Summer is slowly but surely arriving in Bemidji. With the warm sun and cool breezes coming off the lakes, makes it the perfect time to start enjoying activities outdoors. Some prefer blazing the hundreds of miles of trails in our area on their feet, rollerblades, bikes, or trikes. While others take to the water swimming, canoeing, kayaking, or paddle boarding. Not to mention all the fun games you can play with friends, like beach volleyball, golf or group fitness classes at local parks.
Physical activity can offer multiple life enhancing benefits, and by the sounds of it, being active should not be a challenge with all the opportunities that are around. Shockingly, not nearly enough people are partaking in the simple steps toward a healthier lifestyle.
According to Centers for Disease Control and Prevention, less than half (48%) of all adults meet the 2008 Physical Activity Guidelines. Adults only need at least 2.5 hours a week of physical activity. Not only that, but less than 3 in 10 high school students get at least 60 minutes of physical activity every day.
Physical activity can improve health. People who are physically active tend to live longer and have lower risk of heart disease, stroke, type 2 diabetes, depression, and some cancers. Physical activity can also help with weight control, and may improve academic achievement in students. Inactive adults have a higher risk for early death, heart disease, stroke, depression, and some cancers.
With the anticipation of the changing weather, people often get excited about getting outside. Feeling optimistic, many people rush into their activities, going the extra mile without taking the preventative steps to physical activity which can lead to minor injuries, aches, and pains. However, there is no need to discontinue exercise because of this. There are many benefits of massage that can help during exercise for injury prevention as well as restoration if an injury occurs.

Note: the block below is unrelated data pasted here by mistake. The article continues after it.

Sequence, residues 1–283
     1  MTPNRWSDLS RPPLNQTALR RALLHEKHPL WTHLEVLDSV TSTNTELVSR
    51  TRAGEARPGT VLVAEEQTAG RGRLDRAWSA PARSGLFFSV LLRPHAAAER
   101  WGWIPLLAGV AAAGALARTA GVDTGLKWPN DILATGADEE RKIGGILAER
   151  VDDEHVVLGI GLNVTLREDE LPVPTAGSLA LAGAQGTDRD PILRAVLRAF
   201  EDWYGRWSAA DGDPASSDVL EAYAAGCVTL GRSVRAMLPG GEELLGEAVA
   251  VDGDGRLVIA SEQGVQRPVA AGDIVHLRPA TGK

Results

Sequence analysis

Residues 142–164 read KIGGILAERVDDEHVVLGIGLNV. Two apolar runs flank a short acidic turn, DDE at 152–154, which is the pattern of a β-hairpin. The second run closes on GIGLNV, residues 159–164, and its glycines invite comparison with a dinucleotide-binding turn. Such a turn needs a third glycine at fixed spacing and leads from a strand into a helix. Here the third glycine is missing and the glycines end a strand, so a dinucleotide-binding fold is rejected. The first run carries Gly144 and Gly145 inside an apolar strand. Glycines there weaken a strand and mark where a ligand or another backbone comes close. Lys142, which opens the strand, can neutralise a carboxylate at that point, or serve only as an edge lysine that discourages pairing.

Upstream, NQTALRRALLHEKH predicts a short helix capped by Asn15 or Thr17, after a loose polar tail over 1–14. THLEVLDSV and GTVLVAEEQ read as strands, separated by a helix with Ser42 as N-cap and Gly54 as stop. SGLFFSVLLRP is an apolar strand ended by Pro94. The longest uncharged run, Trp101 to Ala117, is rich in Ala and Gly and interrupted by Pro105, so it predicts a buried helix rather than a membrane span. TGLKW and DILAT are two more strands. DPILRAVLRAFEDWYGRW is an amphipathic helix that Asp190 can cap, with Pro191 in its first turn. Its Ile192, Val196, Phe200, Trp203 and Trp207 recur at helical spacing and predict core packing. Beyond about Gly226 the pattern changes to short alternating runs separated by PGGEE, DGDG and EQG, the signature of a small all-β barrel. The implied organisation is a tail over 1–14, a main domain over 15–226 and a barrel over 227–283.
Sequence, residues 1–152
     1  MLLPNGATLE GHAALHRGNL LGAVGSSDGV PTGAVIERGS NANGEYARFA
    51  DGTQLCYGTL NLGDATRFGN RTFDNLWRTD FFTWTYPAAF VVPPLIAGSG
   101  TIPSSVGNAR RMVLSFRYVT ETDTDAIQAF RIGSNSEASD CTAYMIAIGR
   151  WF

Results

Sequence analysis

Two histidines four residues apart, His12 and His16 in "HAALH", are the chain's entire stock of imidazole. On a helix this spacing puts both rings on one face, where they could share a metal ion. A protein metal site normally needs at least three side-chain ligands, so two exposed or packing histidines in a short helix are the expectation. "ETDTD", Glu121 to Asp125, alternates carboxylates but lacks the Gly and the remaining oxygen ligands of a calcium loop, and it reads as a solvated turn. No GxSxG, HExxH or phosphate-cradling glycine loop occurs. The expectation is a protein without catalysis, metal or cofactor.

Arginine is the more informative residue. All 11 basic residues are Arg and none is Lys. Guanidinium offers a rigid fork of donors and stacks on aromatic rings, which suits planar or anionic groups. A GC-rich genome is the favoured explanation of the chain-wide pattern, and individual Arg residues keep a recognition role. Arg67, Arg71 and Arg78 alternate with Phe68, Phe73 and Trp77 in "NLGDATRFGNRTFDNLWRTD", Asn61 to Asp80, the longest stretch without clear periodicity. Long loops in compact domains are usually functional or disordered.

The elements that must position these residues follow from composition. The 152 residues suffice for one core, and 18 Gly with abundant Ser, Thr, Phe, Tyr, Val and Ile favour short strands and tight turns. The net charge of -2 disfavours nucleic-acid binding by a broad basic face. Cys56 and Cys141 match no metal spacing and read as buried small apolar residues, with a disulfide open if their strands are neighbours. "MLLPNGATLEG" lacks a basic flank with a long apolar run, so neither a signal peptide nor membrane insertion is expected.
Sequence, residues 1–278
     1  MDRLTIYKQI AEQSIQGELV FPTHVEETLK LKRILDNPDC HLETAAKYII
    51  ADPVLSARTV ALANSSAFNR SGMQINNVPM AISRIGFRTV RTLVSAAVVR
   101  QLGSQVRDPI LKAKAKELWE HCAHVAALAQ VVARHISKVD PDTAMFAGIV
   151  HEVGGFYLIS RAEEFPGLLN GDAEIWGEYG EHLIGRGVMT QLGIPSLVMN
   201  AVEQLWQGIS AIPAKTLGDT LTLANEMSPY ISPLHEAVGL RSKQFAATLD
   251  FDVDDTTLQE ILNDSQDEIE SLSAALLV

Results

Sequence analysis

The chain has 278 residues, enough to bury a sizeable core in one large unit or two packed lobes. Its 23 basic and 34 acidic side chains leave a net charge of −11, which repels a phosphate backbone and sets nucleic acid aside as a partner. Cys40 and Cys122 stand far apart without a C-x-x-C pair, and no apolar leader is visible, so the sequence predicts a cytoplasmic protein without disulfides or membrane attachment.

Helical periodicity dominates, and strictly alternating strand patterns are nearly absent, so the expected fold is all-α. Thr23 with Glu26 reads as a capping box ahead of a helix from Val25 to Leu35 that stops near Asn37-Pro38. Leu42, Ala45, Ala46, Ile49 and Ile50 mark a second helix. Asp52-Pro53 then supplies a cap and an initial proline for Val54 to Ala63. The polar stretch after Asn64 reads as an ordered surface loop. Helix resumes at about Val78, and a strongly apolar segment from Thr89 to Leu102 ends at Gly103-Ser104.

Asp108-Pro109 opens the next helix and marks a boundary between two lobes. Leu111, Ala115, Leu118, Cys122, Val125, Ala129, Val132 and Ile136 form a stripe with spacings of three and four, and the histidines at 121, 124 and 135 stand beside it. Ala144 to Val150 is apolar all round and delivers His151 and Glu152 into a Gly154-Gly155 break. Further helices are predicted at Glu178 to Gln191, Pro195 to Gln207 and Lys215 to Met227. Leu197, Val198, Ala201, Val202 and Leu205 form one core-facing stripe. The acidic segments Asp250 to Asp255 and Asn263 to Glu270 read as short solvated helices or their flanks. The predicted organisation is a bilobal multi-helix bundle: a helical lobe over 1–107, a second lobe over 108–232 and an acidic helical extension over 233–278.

Paul Scholl, Nationally Certified Therapist in Massage and Bodywork (NCTMB) at Living Touch Massage, explains some of the benefits of massage for exercise and injury prevention.
Living Touch Massage offers many different massage techniques that can increase flexibility, improve sports performance, restore and recover muscle with injuries or just between workouts, and improves overall energy. “Massage is good to pair with exercise. It can help increase flexibility in the joints, making a new exercise routine a little easier to begin,” says Scholl.
Living Touch Massage offers a light and relaxing therapeutic massage that releases knots, improves muscle function and restoration and recovery from injury. Using myofascial release, muscles often relax while circulation increases which stimulates the stretch reflex of muscles. This technique would be ideal for minor aches and pains in muscles after walking or running, or perhaps a relieving a knot in your shoulder after paddling a canoe.
Living Touch Massage also offers deep and restorative massage services like a myofasical massage and a Thai medical massage.
Deep tissue massage is for those who exercise more heavily than others, when their muscles can become chronically tight. It can improve overall health of the muscles which enhances sports performance as well as restoration and recovery from injuries. Massage can enable the body to rebuild muscles after continued exercise. For anyone who is training for a particle event such as a triathlon or a 5k this could be very beneficial to them as well as anyone who simple enjoys exercising daily.
A Thai medical massage is a type of massage that is relaxing, improves flexibility and overall energy. If you are feeling drained or unable to perform the required motions of an activity, Thai medical massage could help by using acupressure points in combination with muscle stretching.
If you are a seasoned athlete or just a beginner, let Living Touch Massage help you stay active this summer. Simply call or text Living Touch Massage today to book an appointment at (218) 368-2963.
References: Center for Disease Control and Prevention- www.cdc.gov